Disparaging Academic Success

Let’s see if I’ve got this right. Our state income tax dollars are devoted primarily to education to assure that kids in poorer districts have the same chance to succeed as kids in wealthier districts. Ideally, that means that some urban kids will make it to places like Stanford. Or maybe Yale Law School. Or maybe even Oxford as a Rhodes Scholar.

That’s exactly what Cory Booker did. I thought that was called success. So I was distressed to read that Rev. Dr. Jethro C. James, pastor of Paradise Baptist Church, referred to him as an “academic freak”.

What message does this send to kids in Newark? If you get good grades, we will call you a freak? Isn’t it hard enough to break out without this kind of burden? I’ve had kids in Abbott district high schools tell me that they are tormented by their peers if they get good grades. I thought a minister would be among the first to denounce such behavior.

What message does this send to people who are sending their hard-earned tax dollars to Newark? The answer is that it doesn’t really matter because this is about children and the opportunities open to them, not an adult who seems to resent academic success.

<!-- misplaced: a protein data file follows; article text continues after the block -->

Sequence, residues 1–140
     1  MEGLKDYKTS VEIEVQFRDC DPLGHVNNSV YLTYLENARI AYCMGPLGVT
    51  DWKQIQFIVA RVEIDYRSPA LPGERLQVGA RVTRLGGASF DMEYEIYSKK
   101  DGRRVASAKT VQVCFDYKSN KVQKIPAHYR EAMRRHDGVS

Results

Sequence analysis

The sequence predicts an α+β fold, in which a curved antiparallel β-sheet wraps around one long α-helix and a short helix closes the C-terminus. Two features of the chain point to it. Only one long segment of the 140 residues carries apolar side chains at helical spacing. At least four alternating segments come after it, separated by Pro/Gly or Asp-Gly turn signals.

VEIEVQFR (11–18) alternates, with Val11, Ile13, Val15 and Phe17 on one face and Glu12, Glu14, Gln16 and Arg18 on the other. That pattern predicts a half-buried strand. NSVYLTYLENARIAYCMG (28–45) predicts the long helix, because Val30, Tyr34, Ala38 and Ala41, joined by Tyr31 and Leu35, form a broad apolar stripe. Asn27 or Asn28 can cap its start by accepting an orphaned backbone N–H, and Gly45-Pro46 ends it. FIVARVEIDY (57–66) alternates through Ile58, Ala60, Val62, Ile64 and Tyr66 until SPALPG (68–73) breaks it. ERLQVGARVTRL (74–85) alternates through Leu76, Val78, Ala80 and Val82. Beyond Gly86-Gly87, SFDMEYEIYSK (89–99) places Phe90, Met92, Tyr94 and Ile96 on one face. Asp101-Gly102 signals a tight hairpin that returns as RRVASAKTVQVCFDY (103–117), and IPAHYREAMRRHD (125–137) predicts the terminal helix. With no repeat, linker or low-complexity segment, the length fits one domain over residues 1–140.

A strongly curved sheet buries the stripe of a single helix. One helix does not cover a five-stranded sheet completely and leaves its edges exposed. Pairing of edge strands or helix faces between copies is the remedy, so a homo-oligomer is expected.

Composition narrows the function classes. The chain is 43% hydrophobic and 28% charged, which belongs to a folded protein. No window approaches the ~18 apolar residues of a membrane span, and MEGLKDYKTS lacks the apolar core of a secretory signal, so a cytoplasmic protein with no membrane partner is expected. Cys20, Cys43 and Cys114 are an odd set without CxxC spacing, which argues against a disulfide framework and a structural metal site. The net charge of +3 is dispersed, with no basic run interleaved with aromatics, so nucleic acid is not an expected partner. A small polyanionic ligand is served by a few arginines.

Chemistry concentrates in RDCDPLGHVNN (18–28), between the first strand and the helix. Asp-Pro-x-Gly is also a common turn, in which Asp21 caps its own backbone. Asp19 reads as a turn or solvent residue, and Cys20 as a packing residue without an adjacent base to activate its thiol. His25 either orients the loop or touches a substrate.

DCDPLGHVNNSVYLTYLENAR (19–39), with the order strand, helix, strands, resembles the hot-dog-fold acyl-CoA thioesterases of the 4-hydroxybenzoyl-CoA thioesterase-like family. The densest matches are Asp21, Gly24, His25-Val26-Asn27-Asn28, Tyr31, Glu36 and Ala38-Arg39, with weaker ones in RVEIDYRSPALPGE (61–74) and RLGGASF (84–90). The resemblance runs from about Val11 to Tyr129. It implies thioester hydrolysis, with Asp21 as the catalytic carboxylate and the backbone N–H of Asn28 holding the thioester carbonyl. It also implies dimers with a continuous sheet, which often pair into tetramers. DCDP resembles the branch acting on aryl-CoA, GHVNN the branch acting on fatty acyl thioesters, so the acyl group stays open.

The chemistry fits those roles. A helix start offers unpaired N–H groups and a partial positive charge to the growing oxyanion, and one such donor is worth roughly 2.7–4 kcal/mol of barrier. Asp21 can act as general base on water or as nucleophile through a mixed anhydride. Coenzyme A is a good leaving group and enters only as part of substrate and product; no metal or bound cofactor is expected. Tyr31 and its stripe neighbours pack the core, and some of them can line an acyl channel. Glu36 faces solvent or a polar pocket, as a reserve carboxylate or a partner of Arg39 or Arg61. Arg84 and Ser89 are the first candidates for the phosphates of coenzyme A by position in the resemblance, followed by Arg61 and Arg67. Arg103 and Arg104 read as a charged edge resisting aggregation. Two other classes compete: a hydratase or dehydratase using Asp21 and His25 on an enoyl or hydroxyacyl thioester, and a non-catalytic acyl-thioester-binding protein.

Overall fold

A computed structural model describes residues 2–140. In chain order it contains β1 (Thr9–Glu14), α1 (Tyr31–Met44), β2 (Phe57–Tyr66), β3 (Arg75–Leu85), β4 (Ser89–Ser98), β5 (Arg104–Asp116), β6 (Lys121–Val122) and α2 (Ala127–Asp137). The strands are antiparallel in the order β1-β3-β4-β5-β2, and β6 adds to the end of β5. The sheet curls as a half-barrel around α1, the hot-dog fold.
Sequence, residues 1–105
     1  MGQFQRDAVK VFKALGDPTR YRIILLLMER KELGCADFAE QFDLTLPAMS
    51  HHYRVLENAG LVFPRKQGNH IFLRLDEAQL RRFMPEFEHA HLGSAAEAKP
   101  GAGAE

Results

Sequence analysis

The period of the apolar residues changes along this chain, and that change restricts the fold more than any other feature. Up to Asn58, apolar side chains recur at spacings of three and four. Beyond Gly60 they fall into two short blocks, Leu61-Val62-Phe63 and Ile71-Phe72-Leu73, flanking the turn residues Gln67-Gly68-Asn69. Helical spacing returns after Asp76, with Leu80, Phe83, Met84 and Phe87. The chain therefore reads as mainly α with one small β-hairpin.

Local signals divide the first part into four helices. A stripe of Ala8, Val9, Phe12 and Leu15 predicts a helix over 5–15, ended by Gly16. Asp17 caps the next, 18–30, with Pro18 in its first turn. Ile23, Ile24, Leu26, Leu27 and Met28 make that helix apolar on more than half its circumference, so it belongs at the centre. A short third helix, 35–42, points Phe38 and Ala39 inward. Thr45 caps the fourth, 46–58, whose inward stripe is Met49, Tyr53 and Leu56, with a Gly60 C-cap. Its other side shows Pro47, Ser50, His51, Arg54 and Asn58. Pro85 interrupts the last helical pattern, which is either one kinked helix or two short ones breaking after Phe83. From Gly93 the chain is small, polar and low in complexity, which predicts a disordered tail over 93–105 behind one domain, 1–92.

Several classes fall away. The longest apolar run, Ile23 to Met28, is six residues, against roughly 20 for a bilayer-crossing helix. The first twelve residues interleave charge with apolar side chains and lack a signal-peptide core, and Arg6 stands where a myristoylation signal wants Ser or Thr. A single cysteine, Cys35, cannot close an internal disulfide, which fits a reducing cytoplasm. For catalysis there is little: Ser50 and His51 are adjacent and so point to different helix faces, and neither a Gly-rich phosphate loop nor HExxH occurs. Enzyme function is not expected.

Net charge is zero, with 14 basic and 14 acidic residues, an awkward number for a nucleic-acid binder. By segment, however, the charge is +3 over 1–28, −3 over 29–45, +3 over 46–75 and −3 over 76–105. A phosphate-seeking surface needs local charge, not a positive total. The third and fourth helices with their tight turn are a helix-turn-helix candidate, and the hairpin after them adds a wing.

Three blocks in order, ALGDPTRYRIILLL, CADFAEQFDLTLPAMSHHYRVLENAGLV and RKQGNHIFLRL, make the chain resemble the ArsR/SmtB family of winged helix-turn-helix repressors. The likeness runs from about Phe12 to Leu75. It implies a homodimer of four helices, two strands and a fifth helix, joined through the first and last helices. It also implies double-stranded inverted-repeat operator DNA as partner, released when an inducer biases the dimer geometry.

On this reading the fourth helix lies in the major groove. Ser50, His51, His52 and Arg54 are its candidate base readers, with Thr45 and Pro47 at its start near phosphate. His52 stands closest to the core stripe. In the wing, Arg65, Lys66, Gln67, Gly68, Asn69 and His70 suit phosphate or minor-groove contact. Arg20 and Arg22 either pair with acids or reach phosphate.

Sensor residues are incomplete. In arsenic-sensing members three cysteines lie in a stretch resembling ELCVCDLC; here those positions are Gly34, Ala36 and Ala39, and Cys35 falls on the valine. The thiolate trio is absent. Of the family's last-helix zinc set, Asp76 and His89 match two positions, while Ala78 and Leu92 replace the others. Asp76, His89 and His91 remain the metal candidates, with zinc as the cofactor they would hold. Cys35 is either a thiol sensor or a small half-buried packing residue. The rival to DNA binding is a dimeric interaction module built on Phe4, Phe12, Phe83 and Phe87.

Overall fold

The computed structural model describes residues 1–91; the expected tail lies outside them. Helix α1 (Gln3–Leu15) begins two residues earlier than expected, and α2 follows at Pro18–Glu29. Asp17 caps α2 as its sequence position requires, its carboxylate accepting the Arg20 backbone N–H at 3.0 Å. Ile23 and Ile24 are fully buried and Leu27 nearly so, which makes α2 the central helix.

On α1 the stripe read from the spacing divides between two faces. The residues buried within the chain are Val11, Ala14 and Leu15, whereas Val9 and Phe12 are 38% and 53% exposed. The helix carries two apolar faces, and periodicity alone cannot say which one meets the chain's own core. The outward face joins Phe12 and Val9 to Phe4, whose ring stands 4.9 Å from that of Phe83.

Nevertheless, comments like this may diminish the political will needed to invest money in a community where certain community leaders suggest that they don’t want the results that it is intended to produce.

Other elected officials and community leaders, whether they like Cory Booker or not, should condemn the equating of academic success with being a “freak”. There is enough of an undercurrent for a tax revolt in New Jersey as it is. A perception of ingratitude within a beneficiary community just might be the tipping point for a scaling back of funding for kids who need it most. Taxpayers will fear that if Rev. James’ attitude is widespread, no amount of money will produce good results in Newark’s public schools.

Fortunately, there are examples of success in Newark, such as the Robert Treat Academy. Its graduates are demonstrating that they can succeed in some of the best prep schools in the country. It’s too bad that people like Rev. James are broadcasting a message that too readily translates as separate and unequal.

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